Articles Of Confederation (710 words) Essay Articles Of ConfederationARTICLES OF CONFEDERATIONAdopted in congress in 1777 and ratified and in force in (1784?)Adopted for: a) unify in defense and warb) Foreign policybasic principle of articles for states to maintain control under central government assigned specific powersOrganization of government: 1) one legislative house unicameral legislature passes laws2) 2-7 delegates per state3) 9 votes required to pass law4) 13/ unanimous votes needed to amend Articles Powers: defense army, navy, and treaties with IndiansForeign affairs warMoney borrowing, spending, printing, determining value, coiningInternal affairs Judge disputes in special court hearings between statesEnforcement laws determined by state therefore enforcement was selective to state desires and rarely doneState restrictions states could not: make war, treaties, international tariffs and coin moneyDuties of state states must provide money/army? When requested by congressStates must pay taxes based on landWeakn esses of Articles I. trade regulation congress had no power to regulate trade done by states caused:a) tariffs on imports and exports established by statesb) states competed over control of waterwaysc) Foreign trade was diminishing; interstate trade was also stopping because of tariffs on each other making trade difficultII. Enforcementa) Central government included no enforcement/ executive branchb) Rules mostly ignored1) taxes decided by congress based on land ( to be paid by states didnt pay congress had no income and had to borrow- land basis bad for south few people and lot of land2) no income for army regulated number soldiers per state not given kept for own defenseresult SHAYS REBELLION Begun by Daniel Shay farmer in Massachusetts wanted to begin own government and revolted Mass. didnt have enough army to quell rebellion soldiers also farmers and on other side asked congress for help but appeal to no avail states didnt list4en to congress cuz didnt care cont inued for 6 months3) Treaty of Paris not enforced states refused to compensate loyalist for property lost and collect debts owed to British merchants money all used for war effortTherefore England also violate and move troops to Northwest Territory (fur trade)Spain and England restrict trade on Mississippi and right of deposit in New OrleansIII. Money each state illegally made their own currency- congress could not prevent it 14 forms of currency causing it to be worthless and inflation made congress and states suffer foreign countries unwilling to trade and lend moneyIV. Passing laws difficult to get 9 states to agreeGeneral ProblemsEconomic chaotic severe post war depression, which usually lasts only short while, normal after war England cut off trade with states state power under Articles to regulate foreign trade? Causes trade to lessen cuz difficult from expenses and tariffs and regulations merchants and farmers who sell outside their state suffer from tariffs betw een states small farmers fine southerners fine cuz Tabacco needed and special treatment and less regulation first to pull pout of depression cuz of this and Planter Aristocracy had laws beneficial to them and their trade different currencies in US discourages tradeInflation prices and wages rise helps debtors (pay back less), bad for bankers (receive back less, give more) when inflation (like among farmers who are constantly in debt) = cheap currencyDear currency = stable currency = less inflation and prices stable traders Political increased power/ democracy in state government often causes chaos How many people have sayConstitution rules by which government operate contains fundamental law (received idea from charters)States write new constitution with stronger democracy including Bill of Rights (things government cannot do) executive branch (governor elected by people), legislative (bicameral elected by people) and judicial (courts appointed by governor sometimes elec ted by people)Property qualifications all lowered (lowest highest = NE-M-S) most remove religious qualificationsLegislature given more power than governorsAchievements under articles1. US wins revolution2. Northwest Ordinance 1785a) history conflicting state claims attempts made at resolution in 1784 and 1785 speculators interested in selling land lobbied congressb) principle territories ceded would be admitted as equal statesc) terms disputed territories__ To US government territories divided in to 5 futire states: Ohio, Indiana, Illinios, Michigan, Wisconsind) conditions for admission: 5,000 male adults congress appoint governor proplr elect legislature with power to make laws60,000 adult males write constitution including Bill of Rightsno slavery in any part of the territoryBibliographythank you shiffy for typing up these lovely notes. .uf8b3e9e5a31374b46ddc1d4429529121 , .uf8b3e9e5a31374b46ddc1d4429529121 .postImageUrl , .uf8b3e9e5a31374b46ddc1d4429529121 .centered-text-area { min-height: 80px; position: relative; } .uf8b3e9e5a31374b46ddc1d4429529121 , .uf8b3e9e5a31374b46ddc1d4429529121:hover , .uf8b3e9e5a31374b46ddc1d4429529121:visited , .uf8b3e9e5a31374b46ddc1d4429529121:active { border:0!important; } .uf8b3e9e5a31374b46ddc1d4429529121 .clearfix:after { content: ""; display: table; clear: both; } .uf8b3e9e5a31374b46ddc1d4429529121 { display: block; transition: background-color 250ms; webkit-transition: background-color 250ms; width: 100%; opacity: 1; transition: opacity 250ms; webkit-transition: opacity 250ms; background-color: #95A5A6; } .uf8b3e9e5a31374b46ddc1d4429529121:active , .uf8b3e9e5a31374b46ddc1d4429529121:hover { opacity: 1; transition: opacity 250ms; webkit-transition: opacity 250ms; background-color: #2C3E50; } .uf8b3e9e5a31374b46ddc1d4429529121 .centered-text-area { width: 100%; position: relative ; } .uf8b3e9e5a31374b46ddc1d4429529121 .ctaText { border-bottom: 0 solid #fff; color: #2980B9; font-size: 16px; font-weight: bold; margin: 0; padding: 0; text-decoration: underline; } .uf8b3e9e5a31374b46ddc1d4429529121 .postTitle { color: #FFFFFF; font-size: 16px; font-weight: 600; margin: 0; padding: 0; width: 100%; } .uf8b3e9e5a31374b46ddc1d4429529121 .ctaButton { background-color: #7F8C8D!important; color: #2980B9; border: none; border-radius: 3px; box-shadow: none; font-size: 14px; font-weight: bold; line-height: 26px; moz-border-radius: 3px; text-align: center; text-decoration: none; text-shadow: none; width: 80px; min-height: 80px; background: url(https://artscolumbia.org/wp-content/plugins/intelly-related-posts/assets/images/simple-arrow.png)no-repeat; position: absolute; right: 0; top: 0; } .uf8b3e9e5a31374b46ddc1d4429529121:hover .ctaButton { background-color: #34495E!important; } .uf8b3e9e5a31374b46ddc1d4429529121 .centered-text { display: table; height: 80px; padding-left : 18px; top: 0; } .uf8b3e9e5a31374b46ddc1d4429529121 .uf8b3e9e5a31374b46ddc1d4429529121-content { display: table-cell; margin: 0; padding: 0; padding-right: 108px; position: relative; vertical-align: middle; width: 100%; } .uf8b3e9e5a31374b46ddc1d4429529121:after { content: ""; display: block; clear: both; } READ: Holy Trinity and Trimurti Essay American History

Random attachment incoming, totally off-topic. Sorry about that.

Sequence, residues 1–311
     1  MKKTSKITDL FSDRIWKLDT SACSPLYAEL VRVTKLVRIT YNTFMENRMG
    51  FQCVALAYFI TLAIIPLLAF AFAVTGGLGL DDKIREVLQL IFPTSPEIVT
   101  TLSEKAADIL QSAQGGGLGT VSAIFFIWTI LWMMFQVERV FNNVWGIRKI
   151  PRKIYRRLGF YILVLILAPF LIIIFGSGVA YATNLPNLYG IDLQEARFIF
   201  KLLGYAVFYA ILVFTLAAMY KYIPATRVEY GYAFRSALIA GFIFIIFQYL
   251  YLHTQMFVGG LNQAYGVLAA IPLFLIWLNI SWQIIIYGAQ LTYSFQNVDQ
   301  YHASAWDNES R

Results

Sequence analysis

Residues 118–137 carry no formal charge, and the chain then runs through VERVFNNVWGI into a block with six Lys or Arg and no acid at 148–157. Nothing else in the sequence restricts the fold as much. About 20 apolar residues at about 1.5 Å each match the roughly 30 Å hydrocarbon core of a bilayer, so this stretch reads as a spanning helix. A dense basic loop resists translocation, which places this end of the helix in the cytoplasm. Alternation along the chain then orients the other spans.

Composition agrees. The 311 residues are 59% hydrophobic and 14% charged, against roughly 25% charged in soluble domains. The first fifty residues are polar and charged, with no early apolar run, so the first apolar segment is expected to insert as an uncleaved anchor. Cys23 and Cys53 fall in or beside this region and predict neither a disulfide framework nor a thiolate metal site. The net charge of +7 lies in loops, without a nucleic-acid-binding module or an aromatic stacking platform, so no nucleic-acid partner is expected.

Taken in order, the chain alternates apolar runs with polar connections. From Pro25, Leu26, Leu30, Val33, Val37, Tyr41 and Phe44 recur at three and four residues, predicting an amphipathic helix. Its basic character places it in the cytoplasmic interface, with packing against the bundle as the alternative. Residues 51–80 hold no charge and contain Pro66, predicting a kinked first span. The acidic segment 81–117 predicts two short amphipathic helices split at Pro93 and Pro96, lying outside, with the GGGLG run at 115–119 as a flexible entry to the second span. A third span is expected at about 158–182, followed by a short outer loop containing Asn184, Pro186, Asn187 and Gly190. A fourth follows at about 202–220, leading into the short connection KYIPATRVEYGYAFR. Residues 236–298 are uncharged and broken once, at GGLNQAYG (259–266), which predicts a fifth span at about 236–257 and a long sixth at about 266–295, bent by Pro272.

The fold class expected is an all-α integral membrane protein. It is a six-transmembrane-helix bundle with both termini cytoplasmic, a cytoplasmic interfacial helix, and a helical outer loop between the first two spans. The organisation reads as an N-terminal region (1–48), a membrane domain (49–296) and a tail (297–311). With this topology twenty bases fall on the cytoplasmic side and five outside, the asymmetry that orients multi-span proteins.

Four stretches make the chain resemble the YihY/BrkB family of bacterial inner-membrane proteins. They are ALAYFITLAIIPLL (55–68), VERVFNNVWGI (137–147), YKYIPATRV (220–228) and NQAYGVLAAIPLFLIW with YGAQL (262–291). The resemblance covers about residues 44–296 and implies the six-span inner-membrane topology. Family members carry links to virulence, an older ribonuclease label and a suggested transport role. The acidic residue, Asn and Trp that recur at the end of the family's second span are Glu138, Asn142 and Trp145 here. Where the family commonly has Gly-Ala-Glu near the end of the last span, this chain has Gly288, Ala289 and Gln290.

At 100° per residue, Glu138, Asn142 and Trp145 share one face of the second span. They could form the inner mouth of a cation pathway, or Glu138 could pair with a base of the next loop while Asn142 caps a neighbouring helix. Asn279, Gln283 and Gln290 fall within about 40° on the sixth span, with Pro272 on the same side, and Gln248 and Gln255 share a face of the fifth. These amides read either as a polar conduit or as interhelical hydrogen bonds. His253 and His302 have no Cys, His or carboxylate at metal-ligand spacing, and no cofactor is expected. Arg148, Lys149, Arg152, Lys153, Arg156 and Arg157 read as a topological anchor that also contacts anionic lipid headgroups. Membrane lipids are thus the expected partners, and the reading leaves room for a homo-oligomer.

Sunday, April 12, 2020